HIST 100-02, Atlantic Empires and Globalization, MW 2-3:20, Blair 205 (COLL 100; 1st yrs only)

HIST 150-03, Pirates of the Atlantic World, Prado, MW 3:30-4:50 (COLL 150; 1st yrs. only)

Cross-listed (and/or LAS Credit) Courses by Department:

American Studies

AMST 470 – 01, Senior Seminar, Blatinx: Black Ident in Lat Am, crn 12111, MW 2-3:20, College Apts 9

Course description: This course investigates racial identity formations of African-descended peoples throughout Latin America and the Hispanophone Caribbean. Since 1502 when the first African slaves arrived in Hispaniola until the present, the economic labor, cultural expressions, and sociopolitical movements of afrodescendientes has contributed to the development and peopling of the region. By way of class discussions, videos, music, and other media, students will locate this African presence and examine the complex ways of understanding difference and distinction worked out historically by Afro-Latin Americans. Students will also develop an appreciation for how class, gender, and sexuality entangle with race to create senses of personal and collective selfhood for Blatinx peoples.

Art History

ARTH 396-01, Art of the Andes (Webster; XL: LAS 390-03/14251) MW 2-3:20, Andrews 201

Economics

ECON 475-01, International Trade Theory, T/Th 9:30-10:50, Blow 334

ECON 475-02, International Trade Theory, Feldman, MWF 10-10:50, Blow 334

ECON 475-03, International Trade Theory, Feldman, MWF 1-1:50, Tyler 134

ECON 483, Development Economics, Seyoum, T/Th 3:30-4:50, Tyler 123

ECON 484 , Senior Seminar: Economics of Growth, Albegaz, MWF 11-11:50, Tyler 133

Government

GOVT 150, Politics and Policy of International Development (first years only; Tierney)

GOVT 150-03, Politics and Policy of Int’l Devt, Tierney, MW 2-3:20, Tyler 113 (COLL 150; 1st yrs only)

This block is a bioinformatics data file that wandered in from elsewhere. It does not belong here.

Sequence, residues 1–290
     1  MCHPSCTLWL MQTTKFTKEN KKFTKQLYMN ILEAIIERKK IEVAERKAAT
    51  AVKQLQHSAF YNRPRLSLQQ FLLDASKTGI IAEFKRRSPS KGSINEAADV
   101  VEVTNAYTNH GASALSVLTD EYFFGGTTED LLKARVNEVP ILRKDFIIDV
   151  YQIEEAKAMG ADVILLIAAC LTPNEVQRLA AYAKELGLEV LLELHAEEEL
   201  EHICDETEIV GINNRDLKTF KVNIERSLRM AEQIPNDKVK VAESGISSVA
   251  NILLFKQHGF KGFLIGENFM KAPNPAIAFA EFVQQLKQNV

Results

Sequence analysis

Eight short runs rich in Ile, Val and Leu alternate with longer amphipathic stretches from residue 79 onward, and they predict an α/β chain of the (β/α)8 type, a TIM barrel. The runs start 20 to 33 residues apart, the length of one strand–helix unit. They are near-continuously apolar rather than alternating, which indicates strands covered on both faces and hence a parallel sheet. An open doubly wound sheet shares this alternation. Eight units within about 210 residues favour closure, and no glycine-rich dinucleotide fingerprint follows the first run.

GOVT 312-01, Politics of Developing Countries, Mullen, MW 2-3:20, Tyler 123

GOVT 312-02, Politics of Developing Countries, Mullen, MW 3:30-4:50, Tyler 123

GOVT 328-01, International Political Economy, van der Veen, T/Th 9:30-10:50, Tyler 123

GOVT 328-02, International Political Economy, van der Veen, T/Th 11-12:20, Tyler 123

GOVT 328-03, International Political Economy, Maliniak, T/Th 2-3:20, Morton 202

GOVT 328-04, International Political Economy, Maliniak, T/Th 3:30-4:50, Morton 202

GOVT 384-01, Geography of Latin America and the Caribbean, Blouet, MWF 11-11:50, Wash 302

Hispanic Studies

HISP 207, Cross-Cultural Perspectives (Christina Baker; XL LAS 290-04/14249 and LAS 290-05/tbd)

MWF 10-10:50 (HISP 207-01) and MWF 11-11:50 (HISP 207-03), Small 235.

Course description: The literary, artistic, cinematic and visual texts of Spain, Latin America and the United states offer a fruitful ground for deepening our understanding of the Spanish-speaking world. This course focuses on the analysis and interpretation of cross-cultural perspectives represented in a variety of productions. Central to our learning objective is the notion that students will explore the concept of imagined cultural identities as expressed through acts of resistance, historical memory, humor and imagination, and judgment and prejudice.